Pakistan and India must adhere to NPT: US
* Washington wants IAEA to have authority to inspect any nuclear facility without advance notice, says Boucher
WASHINGTON: The US is going full steam ahead on its demand for “universal” adherence to the nuclear Non-Proliferation Treaty and all nations, including India and Pakistan, would have to adhere to the agreement to have a “full relationship” with the rest of the world.
“I think one thing that will be re-emphasised or reiterated in his (Assistant Secretary of State Stephen Rademacher) remarks (at the non-proliferation review conference) will be that we believe in universal adherence to the Non-Proliferation Treaty,” White House Press Secretary Scott McClellan told journalists when asked whether US President George W Bush was going to put pressure on “his friends, India, Pakistan and Israel” over their nuclear arsenals.
State Department spokesman Richard Boucher had similar sentiments when asked about the issue of nuclear arsenals of India and Pakistan on Monday.
When a correspondent asked why he did not mention India and Pakistan, which have developed nuclear weapons and whether the two South Asian countries were not “better off” than countries without nuclear weapons, Boucher said, “I don’t think so, but I am sure they would debate that.”
“But the point is that for countries to have the kind of full relationships they want to have with people in the world, with other countries, it is important for people to become members in good standing in the non-proliferation treaty.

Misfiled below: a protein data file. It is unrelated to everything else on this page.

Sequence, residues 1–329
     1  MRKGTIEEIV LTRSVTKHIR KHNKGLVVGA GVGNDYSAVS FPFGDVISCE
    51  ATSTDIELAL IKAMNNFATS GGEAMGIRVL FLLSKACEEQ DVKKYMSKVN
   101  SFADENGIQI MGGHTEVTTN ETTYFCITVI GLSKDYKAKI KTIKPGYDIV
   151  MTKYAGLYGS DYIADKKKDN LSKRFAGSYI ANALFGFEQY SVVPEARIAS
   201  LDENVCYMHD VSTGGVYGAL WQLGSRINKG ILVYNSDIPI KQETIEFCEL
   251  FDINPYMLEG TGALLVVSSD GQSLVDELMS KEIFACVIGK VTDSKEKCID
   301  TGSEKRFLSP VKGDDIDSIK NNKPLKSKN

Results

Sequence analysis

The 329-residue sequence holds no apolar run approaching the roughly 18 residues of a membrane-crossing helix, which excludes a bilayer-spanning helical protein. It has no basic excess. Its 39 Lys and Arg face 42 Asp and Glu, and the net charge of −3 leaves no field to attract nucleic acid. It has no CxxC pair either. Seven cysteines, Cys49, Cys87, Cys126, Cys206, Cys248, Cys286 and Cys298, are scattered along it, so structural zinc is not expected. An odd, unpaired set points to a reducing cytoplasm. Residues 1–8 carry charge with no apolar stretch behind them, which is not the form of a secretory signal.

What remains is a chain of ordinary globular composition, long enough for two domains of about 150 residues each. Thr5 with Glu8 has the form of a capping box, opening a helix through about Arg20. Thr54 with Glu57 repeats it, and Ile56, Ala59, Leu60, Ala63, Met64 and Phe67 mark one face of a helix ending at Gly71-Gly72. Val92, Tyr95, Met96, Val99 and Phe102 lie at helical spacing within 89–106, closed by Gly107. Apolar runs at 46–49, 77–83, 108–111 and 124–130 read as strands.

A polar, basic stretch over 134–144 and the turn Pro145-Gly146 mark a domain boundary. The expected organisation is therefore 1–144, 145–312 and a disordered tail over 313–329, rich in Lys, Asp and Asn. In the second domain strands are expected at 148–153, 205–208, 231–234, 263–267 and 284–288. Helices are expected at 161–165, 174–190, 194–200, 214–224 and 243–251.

“We have advocated universal adherence and even the universal application of additional protocols, giving the International Atomic Energy Agency (IAEA) the authority to inspect any nuclear facility in any non-permanent member of the United Nations Security Council without advance notice.
The NPT permits only the US, Britain, France, Russia and China to have nuclear weapons. When a journalist pointed out that the arms control association had said that US plans to research new kinds of nuclear weapons (for example Bunker busters) encouraged other countries to develop nuclear weapons, Boucher said that such a stand was “illogical” because the US and Russia were reducing their nuclear arsenal drastically.
Though the nuclear Non-Proliferation Treaty calls on world powers to give up their weapons, Boucher said the US and Russia were meeting their commitments by reducing their operationally deployed strategic nuclear warheads from 2,200 to 1,700, one-third of the cold war level.
“So while we do maintain a deterrent for US to go down to one-quarter the level we had during the Cold War, I think, it is an example to others that these weapons are not necessary and that we are indeed meeting our commitments under the NPT to reduce nuclear weapons and that other countries should meet their commitments as well.” online